Being in a state of confusion means not being able to think clearly or quickly, feeling disorientated, and struggling to pay attention, make decisions, or remember things.
A simple test for confusion is to ask the person their name, age and today's date, and see if they seem unsure or answer incorrectly.
It's understandable to fear the worst and assume it's a sign of dementia – but if the confusion came on over a short period of time (acute confusion), dementia is unlikely to be the sole cause.
Read on to find out:
If the confusion has come on suddenly, take them to your nearest hospital or call 999 for an ambulance, especially if they're showing other signs of illness such as a fever, or their skin or lips are turning blue.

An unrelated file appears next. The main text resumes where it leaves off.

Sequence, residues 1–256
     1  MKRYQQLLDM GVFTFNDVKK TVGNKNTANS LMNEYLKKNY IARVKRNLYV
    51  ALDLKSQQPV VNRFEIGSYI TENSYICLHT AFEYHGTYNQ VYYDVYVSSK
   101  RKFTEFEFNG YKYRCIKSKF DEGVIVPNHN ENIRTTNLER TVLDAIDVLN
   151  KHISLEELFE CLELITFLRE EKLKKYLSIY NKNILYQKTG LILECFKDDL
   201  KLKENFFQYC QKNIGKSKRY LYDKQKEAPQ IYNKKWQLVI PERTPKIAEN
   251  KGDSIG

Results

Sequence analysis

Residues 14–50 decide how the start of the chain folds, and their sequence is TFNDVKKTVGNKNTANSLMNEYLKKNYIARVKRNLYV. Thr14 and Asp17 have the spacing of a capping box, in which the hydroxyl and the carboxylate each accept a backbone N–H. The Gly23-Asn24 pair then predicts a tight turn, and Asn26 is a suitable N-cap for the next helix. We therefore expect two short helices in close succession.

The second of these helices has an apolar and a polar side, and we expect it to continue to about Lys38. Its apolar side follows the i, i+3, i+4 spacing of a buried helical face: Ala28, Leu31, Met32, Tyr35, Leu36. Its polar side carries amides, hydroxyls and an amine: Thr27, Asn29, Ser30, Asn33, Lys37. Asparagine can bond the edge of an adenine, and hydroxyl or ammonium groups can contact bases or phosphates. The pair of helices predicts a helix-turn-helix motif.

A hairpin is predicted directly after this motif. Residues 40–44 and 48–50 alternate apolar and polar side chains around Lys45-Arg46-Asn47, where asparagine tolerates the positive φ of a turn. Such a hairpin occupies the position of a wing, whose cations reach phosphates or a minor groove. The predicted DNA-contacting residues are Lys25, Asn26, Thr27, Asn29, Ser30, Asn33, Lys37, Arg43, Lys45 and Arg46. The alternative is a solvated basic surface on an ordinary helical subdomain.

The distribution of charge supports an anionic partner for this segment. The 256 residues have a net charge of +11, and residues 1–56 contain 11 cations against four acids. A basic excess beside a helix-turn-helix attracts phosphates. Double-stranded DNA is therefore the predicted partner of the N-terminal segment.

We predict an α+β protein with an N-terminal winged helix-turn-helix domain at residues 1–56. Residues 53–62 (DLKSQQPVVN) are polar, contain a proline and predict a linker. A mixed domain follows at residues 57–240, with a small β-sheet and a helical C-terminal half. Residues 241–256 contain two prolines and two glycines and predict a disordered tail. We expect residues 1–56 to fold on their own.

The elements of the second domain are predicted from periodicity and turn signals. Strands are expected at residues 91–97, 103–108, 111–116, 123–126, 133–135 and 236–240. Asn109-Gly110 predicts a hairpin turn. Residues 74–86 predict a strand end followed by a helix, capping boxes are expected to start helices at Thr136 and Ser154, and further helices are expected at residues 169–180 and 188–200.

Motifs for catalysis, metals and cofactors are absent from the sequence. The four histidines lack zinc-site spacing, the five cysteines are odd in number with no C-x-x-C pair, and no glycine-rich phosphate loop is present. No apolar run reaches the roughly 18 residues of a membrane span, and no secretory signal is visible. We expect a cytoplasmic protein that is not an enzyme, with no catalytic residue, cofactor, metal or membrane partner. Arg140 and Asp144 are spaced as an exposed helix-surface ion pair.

If the person is diabetic...
If the person is diabetic, check their blood sugar level. You can check this if they have a testing device with them. You'll need to prick their finger with the device and place the droplet of blood on the testing strip. Compare the reading with these target blood sugar levels.
The most common causes of sudden confusion are:
This information should give you a better idea of the cause of someone's confusion, but shouldn't be used as a diagnostic tool. Always see your doctor for a proper diagnosis.
Less common causes of sudden confusion are: